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Great Horned Owl

Great Horned Owl. © Patricia Velte

By John Shackford

The Great Horned Owl (Bubo virginianus) ranges from most of Alaska and the southern two-thirds of Canada all the way down to the southern tip of South America.  In Oklahoma, according to Sutton (1967, Oklahoma Birds) it is “[l]argly non-migratory, but some shifting of populations probably takes place in winter.”  Sutton gives two examples of possible shifting, one of a nestling banded in Woods County (northwest Oklahoma) in April, 1953, and recovered in McClain County (central Oklahoma) in November 1958, and another banded as a nestling in Woods County in May 1956 and recovered in January 1958 in Barber County, south-central Kansas.  The size of winter territories usually has a radius of about one-fourth mile, slightly larger in breeding season according to J.J. Craighhead and F.C.  Craighead, Jr. (1969. Hawks, Owls and Wildlife).  

The Great Horned Owl and the Red-tailed Hawk have a broad and quite similar prey base, the owl hunting primarily at night and the Red-tail during the day.  But people who have reared Great Horned Owls in captivity have been able to determine that the owl has excellent eyesight during the day, as well as at night.  And the owl sometimes will hunt during the day, especially when raising young.  The Great Horned and the Red-tailed Hawk sometimes will also nest quite close together without any signs of conflict.

The Great Horned prey base is primarily small mammals, but it will also take some birds, snakes, even frogs and crawfish.  Near one nest found in Norman, Oklahoma, there were remains of meadowlark, duck, American Coot, and Greater Yellowleg, as well as a cottontail rabbit.  In most areas its favorite prey item is rabbits.  This prey item shows up quite frequently when the owls are raising young:  often the back halves of rabbits will be at the nest.  I suspect it is snacks for the kids!  It is also known to prey on skunks a fact confirmed when the adults and nest smell of skunk scent.  It is known to fly at and strike a squirrel’s nest to flush squirrels into the open; to catch domestic cats; and to feed on bats exiting bat caves.  It usually has a regular feeding perch, most often not far from its nest.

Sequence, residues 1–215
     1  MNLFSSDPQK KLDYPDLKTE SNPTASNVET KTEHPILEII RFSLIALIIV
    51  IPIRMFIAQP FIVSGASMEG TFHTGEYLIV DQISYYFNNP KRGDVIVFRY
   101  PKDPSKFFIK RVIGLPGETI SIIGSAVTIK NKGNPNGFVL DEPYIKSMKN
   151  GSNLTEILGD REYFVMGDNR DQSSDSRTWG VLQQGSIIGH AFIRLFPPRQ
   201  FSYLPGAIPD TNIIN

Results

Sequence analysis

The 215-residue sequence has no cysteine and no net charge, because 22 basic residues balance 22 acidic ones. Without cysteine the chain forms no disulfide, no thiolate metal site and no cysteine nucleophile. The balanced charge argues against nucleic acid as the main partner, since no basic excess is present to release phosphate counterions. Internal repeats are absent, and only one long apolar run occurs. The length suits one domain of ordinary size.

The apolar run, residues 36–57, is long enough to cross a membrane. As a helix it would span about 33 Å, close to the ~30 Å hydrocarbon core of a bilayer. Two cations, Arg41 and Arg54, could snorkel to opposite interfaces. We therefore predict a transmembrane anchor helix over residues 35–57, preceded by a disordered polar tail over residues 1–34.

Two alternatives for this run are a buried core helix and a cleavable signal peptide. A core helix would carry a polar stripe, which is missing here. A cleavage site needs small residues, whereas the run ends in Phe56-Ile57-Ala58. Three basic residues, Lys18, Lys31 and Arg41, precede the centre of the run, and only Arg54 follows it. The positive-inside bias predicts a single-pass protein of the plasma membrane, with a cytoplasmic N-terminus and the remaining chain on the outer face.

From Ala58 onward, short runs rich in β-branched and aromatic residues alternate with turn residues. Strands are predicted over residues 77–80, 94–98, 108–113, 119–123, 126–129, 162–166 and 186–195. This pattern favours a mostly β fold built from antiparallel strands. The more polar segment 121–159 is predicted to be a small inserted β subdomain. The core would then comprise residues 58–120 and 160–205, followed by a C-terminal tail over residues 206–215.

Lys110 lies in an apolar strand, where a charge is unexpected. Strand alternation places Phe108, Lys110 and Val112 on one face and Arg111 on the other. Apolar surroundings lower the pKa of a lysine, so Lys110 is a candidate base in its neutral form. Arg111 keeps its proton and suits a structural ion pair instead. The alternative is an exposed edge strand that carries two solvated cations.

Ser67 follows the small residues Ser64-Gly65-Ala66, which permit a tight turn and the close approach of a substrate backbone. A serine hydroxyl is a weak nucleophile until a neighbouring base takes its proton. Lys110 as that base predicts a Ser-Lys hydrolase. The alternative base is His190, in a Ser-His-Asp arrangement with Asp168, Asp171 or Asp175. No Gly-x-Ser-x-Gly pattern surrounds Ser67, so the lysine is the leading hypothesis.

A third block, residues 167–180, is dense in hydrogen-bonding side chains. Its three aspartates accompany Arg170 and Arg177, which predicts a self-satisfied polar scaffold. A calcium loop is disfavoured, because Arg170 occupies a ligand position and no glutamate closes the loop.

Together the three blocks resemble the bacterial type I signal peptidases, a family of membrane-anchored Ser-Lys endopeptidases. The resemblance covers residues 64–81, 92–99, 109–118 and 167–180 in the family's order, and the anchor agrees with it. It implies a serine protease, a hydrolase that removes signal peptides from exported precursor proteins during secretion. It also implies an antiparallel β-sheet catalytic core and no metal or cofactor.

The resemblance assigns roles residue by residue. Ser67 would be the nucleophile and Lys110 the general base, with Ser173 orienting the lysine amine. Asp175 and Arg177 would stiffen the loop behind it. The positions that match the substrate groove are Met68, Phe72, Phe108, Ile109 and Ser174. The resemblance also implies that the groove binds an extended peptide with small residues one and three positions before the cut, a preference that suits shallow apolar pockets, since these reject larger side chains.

The Great Horned Owl is one of the earliest of nesters in Oklahoma, Sutton giving the earliest nesting date as 6 February 1955 in Marshall County (south-central Oklahoma).  There is a live webcam of a nesting Great Horned in Oklahoma.  This owl nesting site has been livestreamed for the last five years, the site started by a young girl named Alessondra.  The nest is in a flower planter located on a second floor balcony of a home in Oklahoma City and this owl cam has had over 7.5 million visits from around the world. 

The Great Horned Owl nests in a diversity of places, old eagle, hawk or crow nests, old squirrel nests, infrequently in hollow trees, cliffs, even on the ground.  Clutch size varies from one to five, but is most often limited to two eggs. 

The Great Horned differs from the Barred Owl in a number of ways.  Of course there is a very distinct difference in their calls.  The Great Horned has yellow eyes and conspicuous “horns,” while the Barred has dark eyes and a round face a round face and head, and the Great Horned has horizontal stripes on the breast, while the Barred has vertical stripes below the upper breast.  The Great Horned is larger (23 inches) than the Barred (21 inches).

Once on an Oklahoma City Christmas Bird Count, I was at the Stinchcomb Wildlife Preserve at Lake Overholser.  It was early morning and just starting to get light.  I had squeaked for owls for maybe four or five minutes and was resting my squeaker.  I had about given up on getting any owl to respond.  Just before leaving, however, a large owl flew straight at my head.  I threw my arms up to ward off getting hit in the head, or another possibility, my head becoming an owl perch.  Fortunately about three feet from my head the owl flared away.  My recollection is that I identified it as a Great Horned Owl, rather than a Barred Owl, but I do not recall the exact basis of my identification.  Similar episodes have been reported in the literature on occasion: someone wearing a fur hat has been attacked by a Great Horned Owl because the owl thought the hat was a prey item!